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AFA chairman visits Aviano

Bob Largent, Air Force Association chairman, speaks to Airman Leadership School Airmen during his visit to Aviano Oct. 25. Mr. Largent is visiting U.S. Air Forces in Europe installations to learn the issues affecting today’s Airmen. (Photo by Airman 1st Class Liliana Moreno)

Bob Largent, Air Force Association chairman, speaks to Airman Leadership School Airmen during his visit to Aviano Oct. 25. Mr. Largent is visiting U.S. Air Forces in Europe installations to learn the issues affecting today’s Airmen. (Photo by Airman 1st Class Liliana Moreno)

Aviano Air Base, Italy -- The Air Force Association chairman visited Aviano Oct. 25. 

Bob Largent visited the base to learn what Airmen's concerns are so he could share those concerns to Air Force leaders, members of Congress and the public. 

"(I am here) to learn the issues first hand from the Airmen that are serving in (U.S. Air Forces in Europe), what's important to them, what's important to their families, what's important to their work, what drives them to be in the Air Force." 

Between touring the base and experiencing the quality of life here, Mr. Largent spoke with Aviano's Airman Leadership School students, first sergeants, chief master sergeants and company grade officers about what the civilian organization does for them in Washington, D.C. 

The association's mission includes advocating both a strong national defense and aerospace power; educating the public about the latter's critical role; and supporting the Air Force and its families, according to its journal, "Air Force Magazine."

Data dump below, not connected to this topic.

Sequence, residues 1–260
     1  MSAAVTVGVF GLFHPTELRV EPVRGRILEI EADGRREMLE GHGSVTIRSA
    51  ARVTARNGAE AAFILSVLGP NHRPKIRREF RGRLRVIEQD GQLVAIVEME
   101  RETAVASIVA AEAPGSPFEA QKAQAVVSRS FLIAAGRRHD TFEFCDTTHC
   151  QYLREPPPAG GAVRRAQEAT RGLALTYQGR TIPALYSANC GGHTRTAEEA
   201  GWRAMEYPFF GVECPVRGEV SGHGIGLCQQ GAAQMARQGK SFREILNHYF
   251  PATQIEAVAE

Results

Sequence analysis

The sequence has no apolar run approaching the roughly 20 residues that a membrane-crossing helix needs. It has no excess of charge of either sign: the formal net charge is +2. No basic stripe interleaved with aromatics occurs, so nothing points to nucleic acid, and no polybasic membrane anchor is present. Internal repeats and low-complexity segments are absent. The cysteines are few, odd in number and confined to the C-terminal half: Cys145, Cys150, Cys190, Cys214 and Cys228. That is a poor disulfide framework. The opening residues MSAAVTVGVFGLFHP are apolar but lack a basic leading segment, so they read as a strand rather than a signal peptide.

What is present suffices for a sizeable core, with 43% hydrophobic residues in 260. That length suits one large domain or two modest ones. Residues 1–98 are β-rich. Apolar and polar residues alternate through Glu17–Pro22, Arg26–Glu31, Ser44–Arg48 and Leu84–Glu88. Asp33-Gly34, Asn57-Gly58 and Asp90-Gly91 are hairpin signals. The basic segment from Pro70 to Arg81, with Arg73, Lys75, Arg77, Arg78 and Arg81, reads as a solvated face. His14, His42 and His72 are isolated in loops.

AFA rosters include more than 125,000 members of the total force, Mr. Largent said. The association represents Airmen from E-1 to O-10, including those on active duty, in the Reserve and Air National Guard, and retirees. 

Concerns gathered here will be in addition to the 14 "very specific" top issues of 2007, ranging from planes to planning, that AFA assembles and reports to Congress. Among those Mr. Largent mentioned were aircraft modernization, recapitalization, infrastructure and strategy. 

"They are the major stops along the road map, the strategy for the association to focus on this coming year," he said. 

One might characterize the list as a 'living document.' 

"We look at all of the issues that affect the United States Air Force," he said. "We are the voice for the Airmen to the public and Congress." 

For more AFA information, visit www.afa.org.